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The Jungle, Revisited


The meat would be shoveled into carts, and the man who did the shoveling would not trouble to lift out a rat even when he saw one—there were things that went into the sausage in comparison with which a poisoned rat was a tidbit. There was no place for the men to wash their hands before they ate their dinner, and so they made a practice of washing them in the water that was to be ladled into the sausage. There were the butt-ends of smoked meat, and the scraps of corned beef, and all the odds and ends of the waste of the plants, that would be dumped into old barrels in the cellar and left there. Under the system of rigid economy which the packers enforced, there were some jobs that it only paid to do once in a long time, and among these was the cleaning out of the waste barrels. Every spring they did it; and in the barrels would be dirt and rust and old nails and stale water—and cartload after cartload of it would be taken up and dumped into the hoppers with fresh meat, and sent out to the public’s breakfast.–Upton Sinclair, The Jungle.

The Obama Administration has approved the expansion of a pilot program that allows poultry producers to hire their own regulators. It’s hard to see what could go wrong with that. Who has a greater interest in producing safe meat than the meatpackers themselves? Oh right, everybody.

The biggest problem with the government’s regulatory regime is too much private control. As historians and food writers have shown on topics ranging from meat production to the plastics industry to hormones, in theory government regulation can do a great deal to create healthy human bodies and non-polluted environments. But industry lobbying have weakened those regulations from the beginning. The hiring of former industry workers as inspectors create cozy ties between government and industry, not to mention the powerful friends these industries have on Capitol Hill and K Street.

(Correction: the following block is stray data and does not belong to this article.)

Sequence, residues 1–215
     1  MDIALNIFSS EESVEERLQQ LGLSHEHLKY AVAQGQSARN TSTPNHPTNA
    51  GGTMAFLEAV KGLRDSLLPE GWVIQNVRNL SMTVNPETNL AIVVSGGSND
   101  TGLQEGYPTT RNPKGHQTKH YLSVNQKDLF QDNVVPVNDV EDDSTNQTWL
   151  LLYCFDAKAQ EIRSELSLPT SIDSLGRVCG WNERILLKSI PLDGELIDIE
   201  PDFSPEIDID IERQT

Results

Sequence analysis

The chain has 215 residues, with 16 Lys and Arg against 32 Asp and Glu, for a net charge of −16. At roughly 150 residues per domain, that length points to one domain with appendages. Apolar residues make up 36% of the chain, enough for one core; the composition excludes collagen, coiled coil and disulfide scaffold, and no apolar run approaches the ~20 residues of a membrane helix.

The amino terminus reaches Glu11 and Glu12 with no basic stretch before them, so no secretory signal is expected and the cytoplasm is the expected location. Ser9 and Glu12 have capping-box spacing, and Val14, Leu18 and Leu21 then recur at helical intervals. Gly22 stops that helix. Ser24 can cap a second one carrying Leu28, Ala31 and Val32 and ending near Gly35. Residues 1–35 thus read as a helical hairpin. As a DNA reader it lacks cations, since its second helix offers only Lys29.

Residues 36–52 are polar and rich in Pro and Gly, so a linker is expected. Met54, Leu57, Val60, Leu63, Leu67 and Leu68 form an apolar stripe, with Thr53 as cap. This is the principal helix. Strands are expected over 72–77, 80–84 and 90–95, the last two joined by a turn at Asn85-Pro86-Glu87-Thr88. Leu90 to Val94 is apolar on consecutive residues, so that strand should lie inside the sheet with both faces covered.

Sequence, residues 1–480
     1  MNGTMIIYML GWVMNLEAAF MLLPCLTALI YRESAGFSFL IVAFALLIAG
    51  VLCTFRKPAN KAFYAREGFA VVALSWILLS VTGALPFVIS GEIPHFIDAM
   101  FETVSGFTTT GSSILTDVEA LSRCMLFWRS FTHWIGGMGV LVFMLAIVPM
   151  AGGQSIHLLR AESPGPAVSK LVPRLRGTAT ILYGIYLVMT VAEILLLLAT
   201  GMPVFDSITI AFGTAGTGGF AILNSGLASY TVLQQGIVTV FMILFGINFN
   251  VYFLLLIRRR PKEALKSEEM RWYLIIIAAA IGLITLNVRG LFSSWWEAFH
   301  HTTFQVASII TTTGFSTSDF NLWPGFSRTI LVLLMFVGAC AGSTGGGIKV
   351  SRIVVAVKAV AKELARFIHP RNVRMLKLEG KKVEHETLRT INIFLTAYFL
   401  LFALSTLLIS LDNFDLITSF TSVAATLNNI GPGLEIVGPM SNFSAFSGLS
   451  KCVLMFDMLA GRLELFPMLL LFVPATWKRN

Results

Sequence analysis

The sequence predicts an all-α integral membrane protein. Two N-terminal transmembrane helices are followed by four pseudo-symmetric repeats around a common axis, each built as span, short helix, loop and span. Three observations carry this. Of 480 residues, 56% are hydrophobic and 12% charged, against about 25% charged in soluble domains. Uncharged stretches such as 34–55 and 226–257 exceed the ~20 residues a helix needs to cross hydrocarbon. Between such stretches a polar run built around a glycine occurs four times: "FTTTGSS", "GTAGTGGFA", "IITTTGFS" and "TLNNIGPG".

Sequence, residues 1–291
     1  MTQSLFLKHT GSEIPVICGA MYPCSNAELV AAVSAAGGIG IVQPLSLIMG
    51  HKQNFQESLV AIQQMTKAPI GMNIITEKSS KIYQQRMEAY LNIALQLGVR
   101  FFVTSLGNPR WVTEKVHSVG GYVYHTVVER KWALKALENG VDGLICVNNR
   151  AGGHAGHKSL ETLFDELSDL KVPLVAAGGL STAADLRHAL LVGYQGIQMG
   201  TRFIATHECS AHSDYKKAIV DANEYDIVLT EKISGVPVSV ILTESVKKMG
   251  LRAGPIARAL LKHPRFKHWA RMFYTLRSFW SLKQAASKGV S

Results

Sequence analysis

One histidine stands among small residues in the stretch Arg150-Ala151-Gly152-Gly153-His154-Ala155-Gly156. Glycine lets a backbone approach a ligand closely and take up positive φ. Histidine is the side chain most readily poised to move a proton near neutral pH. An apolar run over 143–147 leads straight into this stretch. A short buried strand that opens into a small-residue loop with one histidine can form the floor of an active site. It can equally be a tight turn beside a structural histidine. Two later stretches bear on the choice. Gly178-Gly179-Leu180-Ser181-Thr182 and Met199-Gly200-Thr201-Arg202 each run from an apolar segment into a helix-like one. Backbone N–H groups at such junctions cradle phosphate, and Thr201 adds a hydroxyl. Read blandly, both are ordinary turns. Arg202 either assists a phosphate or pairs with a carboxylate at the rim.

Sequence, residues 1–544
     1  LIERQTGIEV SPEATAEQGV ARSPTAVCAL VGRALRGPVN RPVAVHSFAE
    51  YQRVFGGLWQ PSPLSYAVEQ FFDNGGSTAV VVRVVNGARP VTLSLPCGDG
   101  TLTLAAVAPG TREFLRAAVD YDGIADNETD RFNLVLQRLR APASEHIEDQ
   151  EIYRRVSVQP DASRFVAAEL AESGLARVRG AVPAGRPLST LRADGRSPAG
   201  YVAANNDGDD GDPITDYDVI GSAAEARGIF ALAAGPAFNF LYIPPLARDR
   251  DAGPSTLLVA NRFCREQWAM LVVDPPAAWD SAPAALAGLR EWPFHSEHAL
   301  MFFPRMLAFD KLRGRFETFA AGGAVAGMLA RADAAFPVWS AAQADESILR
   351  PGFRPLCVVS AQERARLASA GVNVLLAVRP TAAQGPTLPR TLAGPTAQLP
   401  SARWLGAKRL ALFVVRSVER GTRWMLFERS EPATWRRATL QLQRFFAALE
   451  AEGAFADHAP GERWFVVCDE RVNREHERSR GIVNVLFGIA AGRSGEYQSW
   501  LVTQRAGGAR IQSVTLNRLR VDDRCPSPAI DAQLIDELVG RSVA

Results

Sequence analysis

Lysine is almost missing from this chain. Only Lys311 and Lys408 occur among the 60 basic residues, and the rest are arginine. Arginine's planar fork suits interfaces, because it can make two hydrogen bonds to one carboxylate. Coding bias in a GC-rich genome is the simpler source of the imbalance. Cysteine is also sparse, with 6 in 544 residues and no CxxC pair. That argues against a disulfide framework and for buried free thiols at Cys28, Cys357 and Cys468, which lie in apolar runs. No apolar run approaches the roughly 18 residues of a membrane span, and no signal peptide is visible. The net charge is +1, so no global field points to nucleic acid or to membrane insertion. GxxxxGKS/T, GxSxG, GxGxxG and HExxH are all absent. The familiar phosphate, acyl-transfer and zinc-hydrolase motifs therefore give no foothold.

And when private poultry inspectors do report diseased birds, they face reprimands from their employers, who I should not need to remind you, are usually gigantic corporations seeking to profit on squeezing as many birds through regulation as possible. Hard to see a conflict of interest here!

Thus the answer to our regulatory woes is certain not privatized regulation, allowing poultry companies or anyone else to choose their own regulators. This makes a joke of the FDA and makes the bodies of consumers far less safe.

Isn’t the next step to get rid of the Food and Drug Administration entirely. After all, if the Progressive Era is the time when big government began to destroy our freedom by regulating society, as both Karl Rove and Glenn Beck have stated, than reinstating the buyer beware policies for food must be a brilliant way to make us all free. No one is forcing you to eat that e-coli infected chicken!

When you combine industry (non) self-regulation, turning animals into industrialized products, and the terrible safety and working conditions within meatpacking plants, how far are we away from the world Upton Sinclair described over 100 years ago?

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